More and more enterprises are evaluating hybrid cloud architectures to support their operations, but they have questions about integrating public clouds with their existing private clouds. Ranga Rangachari, vice president and general manager of storage and hyperconverged infrastructure at Red Hat, spoke with SiliconANGLE’s show theCUBE at the recent Google Cloud Next ‘19 event to dig into what hybrid cloud means for customers, Red Hat, and the broader ecosystem. The interview covered open hybrid cloud adoption, today’s customer priorities, and the power of the ecosystem to solve customer problems today and into the future.
The evolution of cloud priorities
“As the industry evolves and the technology matures, the conversation changes,” said Rangachari. In the interview, he noted that 12-24 months ago, the conversation was about getting to the cloud, putting the focus on examining what workloads the business wanted to run and evaluating the best place to run them.
According to Rangachari, many customers today are now heavily invested—both from an asset perspective and in terms of intellectual currency—into building a solid on-premises infrastructure, and they’re looking for the freedom to move certain workloads to public clouds. “The holy grail is how do you facilitate data portability and application portability across these hybrid clouds,” said Rangachari.
And add invisible and ubiquitous storage to customers’ wish list. “What users don't wanna do is stitch them together. They want a simple, easy way,” said Rangachari, pointing to a shift in the kinds of conversations he has with customers.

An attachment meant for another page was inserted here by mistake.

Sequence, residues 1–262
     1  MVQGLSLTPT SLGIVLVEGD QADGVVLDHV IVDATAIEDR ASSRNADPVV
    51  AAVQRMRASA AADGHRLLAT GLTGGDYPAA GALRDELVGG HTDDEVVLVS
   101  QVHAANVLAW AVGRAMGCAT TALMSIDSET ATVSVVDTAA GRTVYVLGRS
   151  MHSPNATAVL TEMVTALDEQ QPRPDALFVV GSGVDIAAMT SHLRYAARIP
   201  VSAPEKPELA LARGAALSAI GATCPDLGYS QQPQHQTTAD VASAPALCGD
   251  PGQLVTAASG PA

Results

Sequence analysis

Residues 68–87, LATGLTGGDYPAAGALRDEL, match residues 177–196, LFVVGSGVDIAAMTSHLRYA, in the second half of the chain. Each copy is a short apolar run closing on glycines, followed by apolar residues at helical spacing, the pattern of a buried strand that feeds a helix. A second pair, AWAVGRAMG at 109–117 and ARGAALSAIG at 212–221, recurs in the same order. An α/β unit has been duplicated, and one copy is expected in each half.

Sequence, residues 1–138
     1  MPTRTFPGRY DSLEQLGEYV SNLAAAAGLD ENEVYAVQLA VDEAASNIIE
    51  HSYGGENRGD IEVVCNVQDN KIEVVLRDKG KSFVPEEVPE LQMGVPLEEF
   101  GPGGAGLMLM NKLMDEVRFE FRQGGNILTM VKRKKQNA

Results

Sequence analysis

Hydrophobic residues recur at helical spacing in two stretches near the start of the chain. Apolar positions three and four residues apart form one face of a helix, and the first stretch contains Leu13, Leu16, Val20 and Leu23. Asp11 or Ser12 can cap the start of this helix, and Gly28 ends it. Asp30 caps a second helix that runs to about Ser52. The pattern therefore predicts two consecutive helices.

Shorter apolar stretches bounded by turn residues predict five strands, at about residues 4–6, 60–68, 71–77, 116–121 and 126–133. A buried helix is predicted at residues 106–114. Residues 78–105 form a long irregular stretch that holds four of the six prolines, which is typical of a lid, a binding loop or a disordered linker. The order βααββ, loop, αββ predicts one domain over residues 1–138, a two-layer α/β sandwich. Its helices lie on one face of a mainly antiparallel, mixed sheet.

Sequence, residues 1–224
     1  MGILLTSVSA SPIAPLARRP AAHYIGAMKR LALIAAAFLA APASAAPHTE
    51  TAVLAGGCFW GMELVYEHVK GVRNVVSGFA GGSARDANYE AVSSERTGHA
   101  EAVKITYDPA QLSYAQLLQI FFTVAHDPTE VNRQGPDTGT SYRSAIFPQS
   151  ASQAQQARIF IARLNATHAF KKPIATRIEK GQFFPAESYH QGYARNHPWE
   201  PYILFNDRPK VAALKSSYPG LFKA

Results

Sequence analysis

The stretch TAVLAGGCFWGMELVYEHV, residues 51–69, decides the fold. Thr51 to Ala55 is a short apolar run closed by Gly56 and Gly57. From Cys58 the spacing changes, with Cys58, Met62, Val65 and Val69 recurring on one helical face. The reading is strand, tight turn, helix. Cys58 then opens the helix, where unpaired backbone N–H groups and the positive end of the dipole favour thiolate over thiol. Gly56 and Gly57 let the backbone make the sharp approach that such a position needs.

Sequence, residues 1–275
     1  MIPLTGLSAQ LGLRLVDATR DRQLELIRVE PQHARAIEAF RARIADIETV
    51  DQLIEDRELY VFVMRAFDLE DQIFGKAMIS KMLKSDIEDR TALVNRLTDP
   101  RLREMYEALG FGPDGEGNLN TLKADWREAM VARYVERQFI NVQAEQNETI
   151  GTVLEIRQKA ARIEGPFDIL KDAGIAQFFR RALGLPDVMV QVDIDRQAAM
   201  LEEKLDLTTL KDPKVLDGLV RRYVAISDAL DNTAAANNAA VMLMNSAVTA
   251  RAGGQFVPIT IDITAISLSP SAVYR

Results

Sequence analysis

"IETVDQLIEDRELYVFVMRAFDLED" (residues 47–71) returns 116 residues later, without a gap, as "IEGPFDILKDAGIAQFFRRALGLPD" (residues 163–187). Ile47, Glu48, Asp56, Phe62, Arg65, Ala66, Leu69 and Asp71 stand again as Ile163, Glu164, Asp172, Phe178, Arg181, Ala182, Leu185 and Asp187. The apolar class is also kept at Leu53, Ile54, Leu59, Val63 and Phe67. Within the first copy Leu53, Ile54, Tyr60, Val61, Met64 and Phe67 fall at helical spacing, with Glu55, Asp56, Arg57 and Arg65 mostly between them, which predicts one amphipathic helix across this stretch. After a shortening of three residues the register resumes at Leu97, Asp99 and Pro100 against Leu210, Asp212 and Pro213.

Rangachari also noted customers’ focus on other important areas, such as security, manageability, and data policies, as workloads and data move between on-premises and public cloud environments, saying that today’s conversations have moved from theoretical to the tactical. Customers have started the journey and now are seeking help to make the journey successful, according to Rangachari.
Getting from open source community project, to product development, then to customer implementation requires planning, and Rangachari said Red Hat puts customers at the center of that progression. Anything released to the market must first run through a “will it help our customers with their open hybrid cloud journey” filter, he said, adding that product decisions are based on solving real business problems for customers.
And extending the concept of community collaboration to customer conversations enables mutually beneficial work. “[Customers] can help us understand where some of the roadblocks are,” said Rangachari. “And through our products, through our services, we can help them circumvent or mitigate some of those.”
The complexities of establishing a more secure, accessible, open cloud environment with high-speed access and protected data sharing are also discussed in the interview. “It is [complex], and that's why I think it's very important that the community together solves the problem, not just one vendor,” said Rangachari. “The cloud providers are absolutely a critical ingredient and a critical component” of Red Hat’s business and technology strategy, he said, pointing to the strength of Red Hat’s partner relationships, strategic market initiatives, and core technology that together solve customer problems now and into the future.
The interview also touches on news from the event, what the future holds, and Red Hat’s work with the Cloud Native Computing Foundation (CNCF) and the Rook.io project.
To get all the details, check out Ranga’s full interview. And to hear more about Red Hat’s journey to the open hybrid cloud, tap into the full interview given at Google Cloud Next ‘19 by Red Hat’s Vice President of Technical Business Development, Mike Evans.